What Does Sunday Morning Look Like?
(For information about our music program, or about worship in The Episcopal Church generally, please scroll down.)
Anyone is welcome at either of our Sunday morning services. Since it can be helpful to know what to expect before you get here, we provide the following:
8:30 a.m. - "Grace Space" is a service that began last year. It is shorter than our later service (usually no more than 30 minutes) and was created to help meet the needs of young families, those who prefer an earlier worship time, and those with a busy Sunday morning. Prayer, scripture, song, and a simple communion celebration are combined to provide a place to engage even the youngest among us in worshipping God and understanding God’s love as made manifest in Jesus Christ. This service follows the basic format of The Book of Common Prayer (see “Origins”, below), adjusted to allow for flexibility and brevity.
9:00 a.m. (1st, 3rd, 4th, 5th Sundays)- The Forum meets (usually) in the multipurpose room of the education building. Bible studies, theological discussions, and current news viewed through the lens of faith are frequent topics. Adults and youth (high school age) are welcome.
9:00 a.m. (2nd Sundays) - Our free, Community Breakfast is served in the undercroft (basement). The menu changes each month but is sure to include your favorites! All are invited; our neighbors often join us for this meal, whether or not St. Giles is their religious community.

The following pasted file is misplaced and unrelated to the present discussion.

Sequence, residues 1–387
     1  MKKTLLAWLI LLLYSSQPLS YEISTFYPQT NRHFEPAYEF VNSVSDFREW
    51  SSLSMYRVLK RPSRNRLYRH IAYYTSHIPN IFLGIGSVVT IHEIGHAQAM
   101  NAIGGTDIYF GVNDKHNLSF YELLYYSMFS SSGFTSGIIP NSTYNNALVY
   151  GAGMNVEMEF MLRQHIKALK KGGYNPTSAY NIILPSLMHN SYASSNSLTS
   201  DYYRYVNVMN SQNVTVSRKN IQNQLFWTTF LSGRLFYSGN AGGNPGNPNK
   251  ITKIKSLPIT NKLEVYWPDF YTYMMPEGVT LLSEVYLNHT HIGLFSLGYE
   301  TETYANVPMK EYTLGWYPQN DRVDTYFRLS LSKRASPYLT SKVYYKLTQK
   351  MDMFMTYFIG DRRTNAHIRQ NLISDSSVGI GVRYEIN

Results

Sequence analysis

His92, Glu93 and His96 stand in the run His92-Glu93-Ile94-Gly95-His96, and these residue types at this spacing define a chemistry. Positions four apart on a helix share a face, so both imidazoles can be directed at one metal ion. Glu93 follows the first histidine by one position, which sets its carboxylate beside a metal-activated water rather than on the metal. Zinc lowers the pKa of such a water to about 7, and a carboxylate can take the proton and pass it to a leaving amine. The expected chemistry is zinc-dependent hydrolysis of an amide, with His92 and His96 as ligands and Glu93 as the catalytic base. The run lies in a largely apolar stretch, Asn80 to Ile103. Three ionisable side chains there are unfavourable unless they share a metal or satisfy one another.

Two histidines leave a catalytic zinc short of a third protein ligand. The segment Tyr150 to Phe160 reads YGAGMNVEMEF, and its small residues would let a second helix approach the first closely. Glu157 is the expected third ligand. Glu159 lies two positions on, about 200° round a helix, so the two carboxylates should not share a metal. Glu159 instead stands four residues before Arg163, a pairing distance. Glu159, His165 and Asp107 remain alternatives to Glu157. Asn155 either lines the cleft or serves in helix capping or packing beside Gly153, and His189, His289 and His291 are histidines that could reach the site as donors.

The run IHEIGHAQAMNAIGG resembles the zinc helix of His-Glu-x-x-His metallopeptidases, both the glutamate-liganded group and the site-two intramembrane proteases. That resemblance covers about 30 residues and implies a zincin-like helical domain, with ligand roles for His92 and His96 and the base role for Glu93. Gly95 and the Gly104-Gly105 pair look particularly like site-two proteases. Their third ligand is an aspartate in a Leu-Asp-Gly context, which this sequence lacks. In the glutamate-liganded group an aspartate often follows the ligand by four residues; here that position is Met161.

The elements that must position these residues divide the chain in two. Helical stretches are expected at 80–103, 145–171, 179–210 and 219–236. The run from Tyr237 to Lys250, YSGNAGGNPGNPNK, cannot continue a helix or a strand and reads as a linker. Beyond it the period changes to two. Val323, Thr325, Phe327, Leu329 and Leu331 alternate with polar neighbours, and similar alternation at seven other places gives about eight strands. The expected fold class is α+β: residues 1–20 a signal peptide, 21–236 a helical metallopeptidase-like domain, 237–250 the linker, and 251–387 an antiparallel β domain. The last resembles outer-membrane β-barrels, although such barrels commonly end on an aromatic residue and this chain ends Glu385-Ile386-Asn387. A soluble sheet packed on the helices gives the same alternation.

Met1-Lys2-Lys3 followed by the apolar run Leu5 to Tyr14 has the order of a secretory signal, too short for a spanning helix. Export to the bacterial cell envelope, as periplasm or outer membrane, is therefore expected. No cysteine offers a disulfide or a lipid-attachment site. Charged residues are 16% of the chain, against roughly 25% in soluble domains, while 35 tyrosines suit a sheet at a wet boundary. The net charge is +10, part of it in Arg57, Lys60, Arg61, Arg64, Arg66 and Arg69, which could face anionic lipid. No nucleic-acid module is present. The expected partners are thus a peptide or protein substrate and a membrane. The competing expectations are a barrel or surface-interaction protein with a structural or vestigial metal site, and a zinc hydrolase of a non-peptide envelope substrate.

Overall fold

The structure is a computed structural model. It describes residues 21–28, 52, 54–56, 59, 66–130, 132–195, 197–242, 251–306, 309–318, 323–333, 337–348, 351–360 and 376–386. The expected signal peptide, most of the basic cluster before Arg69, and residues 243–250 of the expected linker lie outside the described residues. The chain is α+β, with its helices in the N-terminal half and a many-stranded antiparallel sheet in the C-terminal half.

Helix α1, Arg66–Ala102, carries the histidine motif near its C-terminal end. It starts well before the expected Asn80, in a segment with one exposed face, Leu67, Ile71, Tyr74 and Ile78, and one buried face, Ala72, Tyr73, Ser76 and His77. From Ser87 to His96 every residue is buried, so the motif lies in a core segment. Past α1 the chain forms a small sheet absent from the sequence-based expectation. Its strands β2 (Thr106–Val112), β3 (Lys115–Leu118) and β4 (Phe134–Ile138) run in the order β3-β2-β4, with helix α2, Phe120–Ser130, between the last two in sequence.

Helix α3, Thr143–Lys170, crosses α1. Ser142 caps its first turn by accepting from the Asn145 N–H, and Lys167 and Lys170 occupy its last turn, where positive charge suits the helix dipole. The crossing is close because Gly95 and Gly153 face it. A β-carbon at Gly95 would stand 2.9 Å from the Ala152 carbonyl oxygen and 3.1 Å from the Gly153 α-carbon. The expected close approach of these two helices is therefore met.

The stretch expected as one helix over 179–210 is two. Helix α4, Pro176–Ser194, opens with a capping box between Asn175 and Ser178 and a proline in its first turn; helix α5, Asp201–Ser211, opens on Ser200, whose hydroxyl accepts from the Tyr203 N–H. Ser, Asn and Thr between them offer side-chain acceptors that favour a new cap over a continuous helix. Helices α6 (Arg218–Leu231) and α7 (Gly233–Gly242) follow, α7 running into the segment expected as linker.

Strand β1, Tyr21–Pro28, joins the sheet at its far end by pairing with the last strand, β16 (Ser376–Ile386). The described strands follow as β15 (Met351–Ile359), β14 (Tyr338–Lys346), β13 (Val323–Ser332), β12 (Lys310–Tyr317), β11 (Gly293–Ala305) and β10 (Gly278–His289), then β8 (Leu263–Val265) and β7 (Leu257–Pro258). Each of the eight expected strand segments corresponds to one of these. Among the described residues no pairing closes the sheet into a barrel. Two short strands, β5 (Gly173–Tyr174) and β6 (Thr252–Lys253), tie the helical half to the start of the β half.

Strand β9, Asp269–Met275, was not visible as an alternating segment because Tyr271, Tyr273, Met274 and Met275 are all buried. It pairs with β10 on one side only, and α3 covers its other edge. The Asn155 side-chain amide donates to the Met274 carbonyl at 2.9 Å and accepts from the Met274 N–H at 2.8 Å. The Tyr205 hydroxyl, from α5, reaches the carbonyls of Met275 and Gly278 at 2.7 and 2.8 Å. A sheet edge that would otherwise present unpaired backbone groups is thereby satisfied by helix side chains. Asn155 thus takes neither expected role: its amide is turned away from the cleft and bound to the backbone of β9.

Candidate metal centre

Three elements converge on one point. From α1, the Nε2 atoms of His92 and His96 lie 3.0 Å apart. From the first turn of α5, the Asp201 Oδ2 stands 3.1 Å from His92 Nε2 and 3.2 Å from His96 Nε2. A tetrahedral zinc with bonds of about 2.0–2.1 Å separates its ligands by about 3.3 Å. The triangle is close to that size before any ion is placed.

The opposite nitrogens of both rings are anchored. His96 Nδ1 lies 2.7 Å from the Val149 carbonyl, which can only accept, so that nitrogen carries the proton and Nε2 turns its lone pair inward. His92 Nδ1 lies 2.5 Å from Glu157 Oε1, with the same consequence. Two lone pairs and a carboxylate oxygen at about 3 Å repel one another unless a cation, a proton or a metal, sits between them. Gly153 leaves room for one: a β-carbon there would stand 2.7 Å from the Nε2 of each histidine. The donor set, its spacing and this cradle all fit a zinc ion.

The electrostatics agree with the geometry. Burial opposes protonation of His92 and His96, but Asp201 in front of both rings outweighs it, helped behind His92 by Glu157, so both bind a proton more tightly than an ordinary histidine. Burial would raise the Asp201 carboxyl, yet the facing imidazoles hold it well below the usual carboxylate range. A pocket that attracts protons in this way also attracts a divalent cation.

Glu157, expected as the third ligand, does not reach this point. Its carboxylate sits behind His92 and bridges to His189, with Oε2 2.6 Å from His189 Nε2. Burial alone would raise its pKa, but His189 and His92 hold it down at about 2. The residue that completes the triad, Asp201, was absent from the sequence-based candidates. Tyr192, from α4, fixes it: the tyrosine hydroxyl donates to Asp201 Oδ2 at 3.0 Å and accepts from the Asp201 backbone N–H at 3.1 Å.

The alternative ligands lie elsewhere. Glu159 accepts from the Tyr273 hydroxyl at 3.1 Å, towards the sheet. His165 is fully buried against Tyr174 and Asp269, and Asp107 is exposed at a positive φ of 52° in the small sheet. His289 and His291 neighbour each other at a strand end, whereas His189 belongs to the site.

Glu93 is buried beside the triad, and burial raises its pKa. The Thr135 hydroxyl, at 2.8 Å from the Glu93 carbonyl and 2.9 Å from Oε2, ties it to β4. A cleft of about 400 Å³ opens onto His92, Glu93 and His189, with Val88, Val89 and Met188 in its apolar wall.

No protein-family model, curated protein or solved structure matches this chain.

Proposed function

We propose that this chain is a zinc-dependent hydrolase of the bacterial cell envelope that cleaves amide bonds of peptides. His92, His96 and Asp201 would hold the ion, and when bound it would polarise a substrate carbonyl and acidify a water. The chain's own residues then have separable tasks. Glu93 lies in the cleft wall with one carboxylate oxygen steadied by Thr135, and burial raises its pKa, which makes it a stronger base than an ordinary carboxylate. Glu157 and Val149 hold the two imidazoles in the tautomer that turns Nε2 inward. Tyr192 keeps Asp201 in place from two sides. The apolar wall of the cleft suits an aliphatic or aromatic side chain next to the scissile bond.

10:15 a.m. - Choral Eucharist is celebrated according to The Book of Common Prayer and features scripture readings, prayers, congregational singing, choir anthems, sermon, and a sung communion celebration. It tends to be more formal in nature, except for….
Second Sundays @ 10:15 – On the second Sunday of each month, our worship is more relaxed. The choir sits with the congregation, the gospel is told as a story, and the sermon is “conversational” (members of the congregation determine the direction of the sermon and help unpack the meaning of the gospel passage; all are invited to participate as they choose. Think of a large group Bible study!) We often “experiment” by introducing new hymns and liturgical practices at this service.
A note about children in worship: At St. Giles we understand that children, like adults, experience the love and grace of God in many ways. One of these is worship. In addition, we believe that Christian community transcends the kinds of barriers that we often erect in other areas of our lives, including segregation by age. Finally, we understand that teaching about our liturgy, though that is important and helpful, is no substitute for experiencing it firsthand together with all the people of God. Even (and perhaps especially) the youngest children in our midst are attracted to the movement, color, music, and mystery of that liturgy. For these reasons, children and youth are a welcome and integral part of our liturgical life. If you accompany children to church, we encourage you to help them follow the service and participate as age and ability allow. We also encourage you to sit up front, so that they can more easily watch and engage with what’s going on. When children learn at an early age to participate actively in church, they are more likely to remain involved as they become older.
At St. Giles, you will not see a special “Children’s Sunday” or “Youth Sunday”. Rather, from the time they can ably and comfortably assume the responsibilities for our various worship ministries, young people who wish to do so may participate in these activities, taking their turn along with adults in the parish in carrying out the duties that help make worship happen.
Music at St. Giles